Hartlepool allotment project has big plans for growth

digging in: Waverley Terrace Allotment Association members and Hartlepool College of Further Education students (rear left to right) Julie Foreman, Teresa Devonport, Demi Parvin, Ste Brant, (front left to right) Paul Stockton, John Readman, James Elener and Kieran Marshall as they plant new trees
digging in: Waverley Terrace Allotment Association members and Hartlepool College of Further Education students (rear left to right) Julie Foreman, Teresa Devonport, Demi Parvin, Ste Brant, (front left to right) Paul Stockton, John Readman, James Elener and Kieran Marshall as they plant new trees

AN allotment project for disabled users worth £475,0000 has passed the first round of a major grant application.

Hartlepool’s Waverley Terrace Allotment Project aims to expand over the next five years and is seeking £400,000 support from the Big Lottery Fund.

It is a fantastic opportunity

Patrick Wilson, Hartlepool Borough Council

The lottery application was submitted by Hartlepool Borough Council on behalf of the Waverley Allotment Group (WAG).

It is to pay for a business co-ordinator, volunteer co-ordinator and improvements to the allotment such as polytunnels, machinery and a welfare unit.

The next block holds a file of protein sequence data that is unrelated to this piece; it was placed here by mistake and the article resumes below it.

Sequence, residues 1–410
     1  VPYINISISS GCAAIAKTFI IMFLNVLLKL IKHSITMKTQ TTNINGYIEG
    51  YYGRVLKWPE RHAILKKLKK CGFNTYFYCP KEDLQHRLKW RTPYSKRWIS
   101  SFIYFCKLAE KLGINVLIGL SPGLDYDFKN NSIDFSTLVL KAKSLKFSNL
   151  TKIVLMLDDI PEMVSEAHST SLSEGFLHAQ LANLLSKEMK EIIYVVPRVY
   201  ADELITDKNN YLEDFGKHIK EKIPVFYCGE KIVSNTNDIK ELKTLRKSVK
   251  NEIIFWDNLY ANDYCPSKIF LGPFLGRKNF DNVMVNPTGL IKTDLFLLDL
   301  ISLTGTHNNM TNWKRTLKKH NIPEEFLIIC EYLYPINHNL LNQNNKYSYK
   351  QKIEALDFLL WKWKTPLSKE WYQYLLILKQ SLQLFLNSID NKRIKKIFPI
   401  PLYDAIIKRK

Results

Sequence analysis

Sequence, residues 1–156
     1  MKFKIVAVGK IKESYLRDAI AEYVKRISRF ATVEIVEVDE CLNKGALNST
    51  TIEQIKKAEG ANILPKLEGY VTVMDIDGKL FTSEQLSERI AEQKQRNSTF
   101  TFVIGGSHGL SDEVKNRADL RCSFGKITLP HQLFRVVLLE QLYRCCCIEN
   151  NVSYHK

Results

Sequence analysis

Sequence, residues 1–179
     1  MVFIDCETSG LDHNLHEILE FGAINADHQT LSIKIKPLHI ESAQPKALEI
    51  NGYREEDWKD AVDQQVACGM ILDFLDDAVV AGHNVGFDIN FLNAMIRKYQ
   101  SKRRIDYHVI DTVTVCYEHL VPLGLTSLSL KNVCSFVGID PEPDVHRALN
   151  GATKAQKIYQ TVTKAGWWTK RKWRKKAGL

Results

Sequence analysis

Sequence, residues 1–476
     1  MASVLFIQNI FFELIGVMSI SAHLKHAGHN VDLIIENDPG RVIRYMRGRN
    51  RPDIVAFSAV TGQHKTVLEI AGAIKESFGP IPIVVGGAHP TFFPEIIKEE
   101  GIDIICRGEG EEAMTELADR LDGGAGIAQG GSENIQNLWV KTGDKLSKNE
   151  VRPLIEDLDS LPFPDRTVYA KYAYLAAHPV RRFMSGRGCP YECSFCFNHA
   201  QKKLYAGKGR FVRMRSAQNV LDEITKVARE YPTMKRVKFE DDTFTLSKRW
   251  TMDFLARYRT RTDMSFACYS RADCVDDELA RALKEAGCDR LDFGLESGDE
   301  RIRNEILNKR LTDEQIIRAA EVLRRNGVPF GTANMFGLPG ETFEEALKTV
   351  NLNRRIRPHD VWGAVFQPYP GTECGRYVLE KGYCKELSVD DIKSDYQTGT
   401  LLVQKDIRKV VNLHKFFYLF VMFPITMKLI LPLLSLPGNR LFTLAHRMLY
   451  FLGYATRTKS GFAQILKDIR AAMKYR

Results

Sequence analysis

Patrick Wilson, principal employment development officer with the council, said: “Council teams have been working to identify how we can expand on the offering at Waverley Terrace Allotment in terms of infrastructure and develop the site potentially to draw in income.

“The aim is to increase the opportunities for people with disabilities and mental health problems.”

Updating regeneration committee councillors on the lottery grant, Mr Wilson added: “We have been notified that we have got through to stage two which we are really pleased about because the first stage is the most difficult.

“It doesn’t mean that we have got the money, there’s a heck of a lot of work still to do.”

The Waverley Terrace Allotment Project was set up by in 2007 by adults with a range of mental, social and physical disabilities.

The group works from land in the Rift House area of Hartlepool cultivating fruit and vegetables, refurbishing furniture, and creating seasonal items such as Christmas wreaths, providing therapeutic and employment support for its members.

The expansion project would also boost the work the site does in building users’ confidence levels to progress into mainstream employment.

Mr Wilson added: “It is a fantastic opportunity. We are talking about quite vulnerable people in society that if we didn’t support there would be a big gap in services.”

The council intends to provide £75,000 in-kind staff support to the project.

Coun Kevin Cranney said: “I’ve been down there and they’s got some good stuff. It’s really well used.

“I totally support it.”